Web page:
A stereotactic head frame is placed on the patient under local anaesthesia in the operating room. A computed tomography (CT) scan or, more commonly, a magnetic resonance imaging (MRI) scan is obtained; this identifies the anterior commissure, posterior commissure, and the midcommissural point [8]. Based on the location of these structures, well-established x, y, and z target coordinates are used to plan electrode placement [8]. Planning software determines the target coordinates; an entry point is found that will allow passage of the electrode through the brain without traversing the ventricle or damaging vascular structures [8].

Surgery is usually performed while the patient is awake, off drug therapy, and under local anaesthesia, as this enables reliable microelectrode recording (MER) to be obtained; it allows evaluation of the intraoperative stimulation and possible adverse effects caused by the current diffusion to adjacent structures [49]. General anaesthesia is generally contraindicated during MER, as it depresses neural activity, suppresses clinical symptoms (tremors and rigidity), and interferes with the evaluation of clinical benefits [49]. In patients unable to tolerate an “awake” procedure, ketamine is a safe and effective alternative to other drugs used to induce general anaesthesia, as the feasibility of microelectrode recording is preserved [49].

A scalp incision and burr hole are placed in the skull at the predetermined entry point. Electrodes of 1.3 mm in diameter integrating four contacts of 1.5 mm length each, connected to a pulse generator, are used. Microelectrode recording verifies correct electrode placement in deep brain nuclei. Test stimulation is conducted via a temporary external stimulator. Verbal feedback is received from the “awake” patient regarding unwanted adverse effects (such as paraesthesias or visual phenomena). Proper placement is confirmed by intraoperative fluoroscopy and postoperative MRI or CT scanning.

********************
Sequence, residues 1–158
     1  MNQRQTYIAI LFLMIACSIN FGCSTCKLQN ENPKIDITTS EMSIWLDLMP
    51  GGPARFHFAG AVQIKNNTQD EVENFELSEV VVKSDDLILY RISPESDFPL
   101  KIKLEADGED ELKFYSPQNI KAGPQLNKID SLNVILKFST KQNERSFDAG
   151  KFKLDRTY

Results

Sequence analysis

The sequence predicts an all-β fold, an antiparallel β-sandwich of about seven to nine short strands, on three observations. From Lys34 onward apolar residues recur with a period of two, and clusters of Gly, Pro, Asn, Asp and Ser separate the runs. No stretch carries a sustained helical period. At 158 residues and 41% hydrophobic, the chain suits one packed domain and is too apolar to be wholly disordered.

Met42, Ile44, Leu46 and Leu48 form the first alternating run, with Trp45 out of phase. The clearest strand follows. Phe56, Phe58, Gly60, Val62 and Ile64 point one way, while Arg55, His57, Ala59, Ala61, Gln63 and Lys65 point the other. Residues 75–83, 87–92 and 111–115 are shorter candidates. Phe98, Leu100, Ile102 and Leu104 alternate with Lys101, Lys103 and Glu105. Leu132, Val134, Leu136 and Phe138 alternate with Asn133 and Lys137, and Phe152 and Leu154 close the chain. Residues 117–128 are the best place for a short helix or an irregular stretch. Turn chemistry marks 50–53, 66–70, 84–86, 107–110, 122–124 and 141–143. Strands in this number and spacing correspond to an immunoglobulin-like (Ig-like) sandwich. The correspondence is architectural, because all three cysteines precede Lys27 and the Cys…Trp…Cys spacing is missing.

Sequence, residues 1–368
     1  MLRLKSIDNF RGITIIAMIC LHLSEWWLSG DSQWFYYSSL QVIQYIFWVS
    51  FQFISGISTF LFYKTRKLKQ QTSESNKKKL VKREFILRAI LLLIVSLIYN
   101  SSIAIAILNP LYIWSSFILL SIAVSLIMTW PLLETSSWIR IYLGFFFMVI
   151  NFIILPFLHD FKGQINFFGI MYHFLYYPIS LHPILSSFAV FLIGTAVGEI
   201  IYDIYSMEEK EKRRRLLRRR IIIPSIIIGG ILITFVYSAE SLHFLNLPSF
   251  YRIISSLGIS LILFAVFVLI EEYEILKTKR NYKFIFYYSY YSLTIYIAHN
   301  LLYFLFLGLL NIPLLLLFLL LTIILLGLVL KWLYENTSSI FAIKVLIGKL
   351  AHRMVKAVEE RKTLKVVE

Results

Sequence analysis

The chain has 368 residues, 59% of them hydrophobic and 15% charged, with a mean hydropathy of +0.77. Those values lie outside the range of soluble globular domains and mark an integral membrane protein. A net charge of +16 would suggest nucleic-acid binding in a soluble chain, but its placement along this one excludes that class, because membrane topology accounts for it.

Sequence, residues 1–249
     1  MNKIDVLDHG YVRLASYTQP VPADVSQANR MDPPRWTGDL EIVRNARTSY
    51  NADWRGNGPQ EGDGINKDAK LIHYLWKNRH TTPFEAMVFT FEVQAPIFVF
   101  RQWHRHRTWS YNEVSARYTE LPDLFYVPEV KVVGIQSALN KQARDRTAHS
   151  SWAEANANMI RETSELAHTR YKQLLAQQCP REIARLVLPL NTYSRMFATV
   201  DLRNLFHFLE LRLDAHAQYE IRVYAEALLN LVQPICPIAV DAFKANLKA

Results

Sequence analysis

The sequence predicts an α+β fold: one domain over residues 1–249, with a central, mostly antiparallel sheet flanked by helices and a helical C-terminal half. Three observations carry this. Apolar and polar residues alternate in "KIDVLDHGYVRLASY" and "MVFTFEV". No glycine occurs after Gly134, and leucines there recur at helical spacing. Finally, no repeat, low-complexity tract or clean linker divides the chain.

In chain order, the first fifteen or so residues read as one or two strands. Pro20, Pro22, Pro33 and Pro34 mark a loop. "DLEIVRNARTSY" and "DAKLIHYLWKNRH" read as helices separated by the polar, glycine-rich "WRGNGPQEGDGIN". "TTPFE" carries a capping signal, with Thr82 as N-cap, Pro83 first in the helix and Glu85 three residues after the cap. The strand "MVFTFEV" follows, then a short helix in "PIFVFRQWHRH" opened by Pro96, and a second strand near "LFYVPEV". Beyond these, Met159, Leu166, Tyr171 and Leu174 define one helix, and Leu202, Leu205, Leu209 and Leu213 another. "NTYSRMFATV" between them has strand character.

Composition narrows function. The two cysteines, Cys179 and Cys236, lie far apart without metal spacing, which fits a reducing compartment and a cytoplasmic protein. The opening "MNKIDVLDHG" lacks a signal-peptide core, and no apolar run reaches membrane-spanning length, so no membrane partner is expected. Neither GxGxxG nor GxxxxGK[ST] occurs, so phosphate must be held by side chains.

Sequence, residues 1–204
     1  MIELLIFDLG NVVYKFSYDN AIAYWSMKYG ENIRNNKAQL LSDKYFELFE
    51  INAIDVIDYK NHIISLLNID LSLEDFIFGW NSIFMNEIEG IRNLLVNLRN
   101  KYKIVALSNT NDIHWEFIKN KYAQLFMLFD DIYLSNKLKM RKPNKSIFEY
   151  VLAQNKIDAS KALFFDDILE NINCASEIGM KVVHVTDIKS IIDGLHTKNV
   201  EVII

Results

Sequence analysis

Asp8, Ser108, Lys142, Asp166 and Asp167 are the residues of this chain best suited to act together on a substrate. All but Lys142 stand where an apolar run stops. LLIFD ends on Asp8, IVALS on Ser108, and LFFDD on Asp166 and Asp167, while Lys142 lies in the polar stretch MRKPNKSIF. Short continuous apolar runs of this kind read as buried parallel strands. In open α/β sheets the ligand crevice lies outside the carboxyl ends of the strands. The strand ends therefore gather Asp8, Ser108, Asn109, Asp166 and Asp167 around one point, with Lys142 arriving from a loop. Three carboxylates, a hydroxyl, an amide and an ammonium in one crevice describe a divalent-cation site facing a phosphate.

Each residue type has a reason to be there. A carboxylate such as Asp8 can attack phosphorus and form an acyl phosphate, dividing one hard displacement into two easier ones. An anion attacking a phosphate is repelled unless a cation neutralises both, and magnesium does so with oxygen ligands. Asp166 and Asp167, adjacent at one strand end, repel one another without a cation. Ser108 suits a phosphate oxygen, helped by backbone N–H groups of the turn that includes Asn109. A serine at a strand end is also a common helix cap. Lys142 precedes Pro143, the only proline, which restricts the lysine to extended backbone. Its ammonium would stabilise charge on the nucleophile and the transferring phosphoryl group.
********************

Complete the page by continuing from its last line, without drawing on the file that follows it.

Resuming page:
Once trial stimulation has been deemed successful, a permanent pulse generator (similar to a pacemaker) is placed in the subclavicular space. Stimulation parameters (frequency, amplitude, and pulse widths) may vary. Programming these parameters is performed via telemetry. Several time-consuming visits may be required before the best therapeutic effect is reached.

Bilateral lead implantations can be performed either during a single surgery or in a staged procedure separated by 2–4 weeks. Pulse generators can be placed in a subclavicular position either on the same day or as part of a staged procedure after lead implantation [10]. Successful outcomes are correlated with patient selection, accurate placement of the electrodes in their surgical target, and optimal programming of patients [48].

At what stage after the diagnosis of movement disorder should implantation take place? This remains debatable. However, an eight-year followup study in Parkinson’s disease showed that STN DBS can be considered safe from a cognitive standpoint but did not seem to modify the cognitive evolution along the course of the disease [50]. On the basis of these observations, it may be appropriate to perform surgery earlier than currently indicated.

6. Adverse Effects

6.1. Surgical Adverse Effects